HEALER TRAINING & DEVELOPMENT
You may have decided that you wish to do a healing course and the first consideration would be to have a look at your motivation for doing this. It could be an emerging interest, a need to look at your own health and well-being, an urge to help others, or any other reason and if you are not really sure, the best way forward would be to read a few books and attend a few short classes or a workshop on the subject.
If your ultimate motivation is to help others, it may still be worthwhile to attend a workshop or short course before deciding on a full diploma course since there is far more involved in healer training than meets the eye. The following is a brief outline and hopefully helpful guideline for prospective students.
What is involved in healer training?
Healer training can roughly be divided into several aspects:
1. General therapy subjects: this includes administration of a healing practice, code of conduct, health & safety, basic A&P, basic aspects of gemmology and subjects of a similar nature.
2. Skills needed in regard to client care: includes basic listening skills, recognising and dealing with a healing crisis and the many subjects that are mentioned in the standard of practice guidelines.
3. Theories, integration and practice of all the subtle energy subjects: these are the subjects that can be found on the core curriculum training standards and include subtle anatomy, how to accurately assess the systems within the auric field, how to appropriately address any issues that are found, how to channel energies safely and effectively, and all aspects of self-care for the healer.
4. Healer development: this is probably the most challenging subject of all and includes the intuitive development and spiritual maturity that is needed in order to perceive and work with subtle energies. It also includes personal development, since intense work with subtle energies usually brings up unresolved issues within a healer, who will then need to deal with these.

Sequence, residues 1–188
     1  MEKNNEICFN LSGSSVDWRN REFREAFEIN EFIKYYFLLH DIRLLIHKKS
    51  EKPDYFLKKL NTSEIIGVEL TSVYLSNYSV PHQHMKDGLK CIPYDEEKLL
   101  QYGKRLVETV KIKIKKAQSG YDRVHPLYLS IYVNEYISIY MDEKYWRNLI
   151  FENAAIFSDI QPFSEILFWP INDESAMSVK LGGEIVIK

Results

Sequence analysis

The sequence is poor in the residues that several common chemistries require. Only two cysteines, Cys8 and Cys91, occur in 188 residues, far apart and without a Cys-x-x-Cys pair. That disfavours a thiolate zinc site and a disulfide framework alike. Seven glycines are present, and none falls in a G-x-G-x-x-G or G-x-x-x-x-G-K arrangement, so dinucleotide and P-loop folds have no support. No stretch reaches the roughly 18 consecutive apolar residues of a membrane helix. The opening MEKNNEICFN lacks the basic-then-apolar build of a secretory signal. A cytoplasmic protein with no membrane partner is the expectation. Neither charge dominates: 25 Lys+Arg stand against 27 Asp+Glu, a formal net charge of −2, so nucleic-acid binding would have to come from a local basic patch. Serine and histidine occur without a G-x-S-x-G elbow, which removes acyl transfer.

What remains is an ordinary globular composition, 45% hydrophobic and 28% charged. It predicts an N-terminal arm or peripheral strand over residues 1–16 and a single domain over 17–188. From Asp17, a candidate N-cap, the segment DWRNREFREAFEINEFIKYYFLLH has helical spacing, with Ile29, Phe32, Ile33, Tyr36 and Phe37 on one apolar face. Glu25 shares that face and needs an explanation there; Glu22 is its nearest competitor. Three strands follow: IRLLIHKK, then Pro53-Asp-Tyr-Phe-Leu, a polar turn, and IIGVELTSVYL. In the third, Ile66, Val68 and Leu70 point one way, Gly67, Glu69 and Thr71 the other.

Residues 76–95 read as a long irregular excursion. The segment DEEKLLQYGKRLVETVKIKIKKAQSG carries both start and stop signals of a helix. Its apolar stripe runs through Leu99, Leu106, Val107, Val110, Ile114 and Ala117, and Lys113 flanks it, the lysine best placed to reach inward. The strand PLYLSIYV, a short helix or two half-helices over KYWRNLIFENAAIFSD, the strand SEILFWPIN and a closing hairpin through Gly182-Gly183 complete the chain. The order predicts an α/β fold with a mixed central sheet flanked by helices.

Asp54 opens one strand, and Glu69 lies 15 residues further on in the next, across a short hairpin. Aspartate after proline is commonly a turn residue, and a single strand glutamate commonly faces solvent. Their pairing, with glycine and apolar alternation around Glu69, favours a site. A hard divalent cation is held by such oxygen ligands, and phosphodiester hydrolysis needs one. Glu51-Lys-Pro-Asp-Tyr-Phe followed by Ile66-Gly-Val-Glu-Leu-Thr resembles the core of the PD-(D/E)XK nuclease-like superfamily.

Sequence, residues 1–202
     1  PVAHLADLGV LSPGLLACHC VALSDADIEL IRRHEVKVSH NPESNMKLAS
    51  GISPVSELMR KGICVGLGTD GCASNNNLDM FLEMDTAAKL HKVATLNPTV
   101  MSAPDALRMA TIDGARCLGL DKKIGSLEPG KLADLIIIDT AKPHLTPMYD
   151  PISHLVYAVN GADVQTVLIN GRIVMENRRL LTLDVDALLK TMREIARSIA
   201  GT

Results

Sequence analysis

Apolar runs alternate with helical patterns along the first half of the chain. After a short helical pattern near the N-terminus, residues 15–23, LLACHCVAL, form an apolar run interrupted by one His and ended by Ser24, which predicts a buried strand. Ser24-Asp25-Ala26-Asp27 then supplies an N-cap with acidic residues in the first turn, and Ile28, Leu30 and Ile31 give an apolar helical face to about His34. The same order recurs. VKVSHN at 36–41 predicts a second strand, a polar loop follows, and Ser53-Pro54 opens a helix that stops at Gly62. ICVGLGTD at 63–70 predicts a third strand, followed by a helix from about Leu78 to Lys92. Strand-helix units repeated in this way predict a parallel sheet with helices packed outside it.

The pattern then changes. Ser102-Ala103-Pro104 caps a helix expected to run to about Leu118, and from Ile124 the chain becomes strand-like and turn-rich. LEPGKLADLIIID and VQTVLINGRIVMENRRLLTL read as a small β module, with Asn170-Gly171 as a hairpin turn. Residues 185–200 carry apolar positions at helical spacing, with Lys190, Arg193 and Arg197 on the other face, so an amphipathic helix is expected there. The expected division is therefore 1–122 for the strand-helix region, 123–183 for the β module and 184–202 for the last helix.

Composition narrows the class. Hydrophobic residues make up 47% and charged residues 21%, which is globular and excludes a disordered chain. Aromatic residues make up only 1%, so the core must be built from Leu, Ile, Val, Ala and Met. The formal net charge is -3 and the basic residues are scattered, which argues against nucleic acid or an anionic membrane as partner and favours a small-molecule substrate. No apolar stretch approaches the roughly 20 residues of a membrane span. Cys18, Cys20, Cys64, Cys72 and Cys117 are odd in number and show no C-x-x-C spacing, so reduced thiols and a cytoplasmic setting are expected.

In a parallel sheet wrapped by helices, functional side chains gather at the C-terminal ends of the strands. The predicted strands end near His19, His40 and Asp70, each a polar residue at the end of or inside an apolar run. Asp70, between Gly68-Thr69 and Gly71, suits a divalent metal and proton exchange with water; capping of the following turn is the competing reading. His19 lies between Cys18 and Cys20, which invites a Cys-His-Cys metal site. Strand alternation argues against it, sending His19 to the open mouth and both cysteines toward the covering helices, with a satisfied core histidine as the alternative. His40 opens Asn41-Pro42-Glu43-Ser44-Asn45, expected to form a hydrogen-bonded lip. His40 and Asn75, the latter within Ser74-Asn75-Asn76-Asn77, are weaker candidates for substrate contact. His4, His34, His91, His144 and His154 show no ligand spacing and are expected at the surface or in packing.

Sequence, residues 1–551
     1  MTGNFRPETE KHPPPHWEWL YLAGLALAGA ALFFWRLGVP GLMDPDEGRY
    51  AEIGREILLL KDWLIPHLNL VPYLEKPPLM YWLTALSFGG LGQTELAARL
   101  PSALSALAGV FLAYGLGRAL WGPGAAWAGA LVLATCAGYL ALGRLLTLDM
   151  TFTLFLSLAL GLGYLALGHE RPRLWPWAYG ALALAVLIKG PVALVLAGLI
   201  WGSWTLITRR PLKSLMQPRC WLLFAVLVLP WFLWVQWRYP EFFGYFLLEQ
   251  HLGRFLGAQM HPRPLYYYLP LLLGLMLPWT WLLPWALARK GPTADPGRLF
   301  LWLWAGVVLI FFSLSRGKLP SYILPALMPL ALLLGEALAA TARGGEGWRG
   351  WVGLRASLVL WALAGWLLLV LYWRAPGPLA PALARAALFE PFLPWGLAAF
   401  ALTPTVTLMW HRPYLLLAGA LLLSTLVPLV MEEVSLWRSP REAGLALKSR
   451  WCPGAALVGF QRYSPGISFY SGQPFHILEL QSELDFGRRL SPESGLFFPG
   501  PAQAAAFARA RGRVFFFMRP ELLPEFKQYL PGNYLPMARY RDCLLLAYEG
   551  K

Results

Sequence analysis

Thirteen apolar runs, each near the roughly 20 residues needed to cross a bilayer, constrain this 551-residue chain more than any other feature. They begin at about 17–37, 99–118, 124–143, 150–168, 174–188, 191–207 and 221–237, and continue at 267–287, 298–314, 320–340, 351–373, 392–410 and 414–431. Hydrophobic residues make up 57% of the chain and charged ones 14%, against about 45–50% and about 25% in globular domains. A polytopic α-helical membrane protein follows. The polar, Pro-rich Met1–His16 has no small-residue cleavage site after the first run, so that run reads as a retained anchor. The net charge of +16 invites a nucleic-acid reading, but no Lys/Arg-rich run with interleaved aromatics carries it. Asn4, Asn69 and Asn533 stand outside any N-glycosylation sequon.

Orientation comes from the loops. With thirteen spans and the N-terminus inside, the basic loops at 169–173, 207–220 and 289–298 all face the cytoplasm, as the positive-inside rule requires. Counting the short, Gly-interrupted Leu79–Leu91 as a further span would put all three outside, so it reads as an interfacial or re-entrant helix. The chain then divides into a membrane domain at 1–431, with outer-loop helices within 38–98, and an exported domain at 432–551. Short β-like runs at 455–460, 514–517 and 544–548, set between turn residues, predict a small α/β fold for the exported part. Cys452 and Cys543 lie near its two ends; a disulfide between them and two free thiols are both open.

5. The use of crystals in healing: this is a subject that is not all that easy to master. Apart from basic gemmology the student must learn about the different energies that each crystal represents and then be able to choose and effectively use appropriate crystals to help address issues within the subtle anatomy of a client. Every person is unique and one cannot therefore generalise concerning this or claim that a specific crystal treats a specific disease or condition. To give an example, a fairly robust person, suffering from the same issue as a fragile person, would require entirely different crystals and possibly different techniques to help regain their well-being.
Furthermore, should a number of crystals be used in a session, they must fully harmonise. It is also important to be able to gauge how much can be addressed in one session. In addition to this quite a number of techniques are taught that also take time and practice to integrate and become skilled at. Another concern is that using crystals incorrectly can be either ineffective or, more seriously, aggravate existing problems. This is only a simplified explanation and hopefully outlines why it does take a few years to gain the necessary skills to start practicing competently using such powerful tools.
6. How long does it take?: In our view, students who have successfully completed a two year course and their case studies are ready to start practicing professionally and able to do so in a responsible and effective manner. To become a specialist in this field does, however, take several years of further practice and training.